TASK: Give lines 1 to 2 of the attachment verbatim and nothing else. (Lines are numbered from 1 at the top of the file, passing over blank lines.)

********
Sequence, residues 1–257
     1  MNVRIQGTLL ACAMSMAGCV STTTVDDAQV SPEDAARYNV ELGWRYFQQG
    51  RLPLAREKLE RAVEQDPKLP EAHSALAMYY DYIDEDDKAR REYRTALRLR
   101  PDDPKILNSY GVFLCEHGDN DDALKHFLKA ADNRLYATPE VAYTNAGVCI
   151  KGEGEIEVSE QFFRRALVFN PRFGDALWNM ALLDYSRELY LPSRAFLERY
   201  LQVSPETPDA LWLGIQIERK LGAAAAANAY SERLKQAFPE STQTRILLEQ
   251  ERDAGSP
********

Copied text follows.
Sequence, residues 1–257
     1  MNVRIQGTLL ACAMSMAGCV STTTVDDAQV SPEDAARYNV ELGWRYFQQG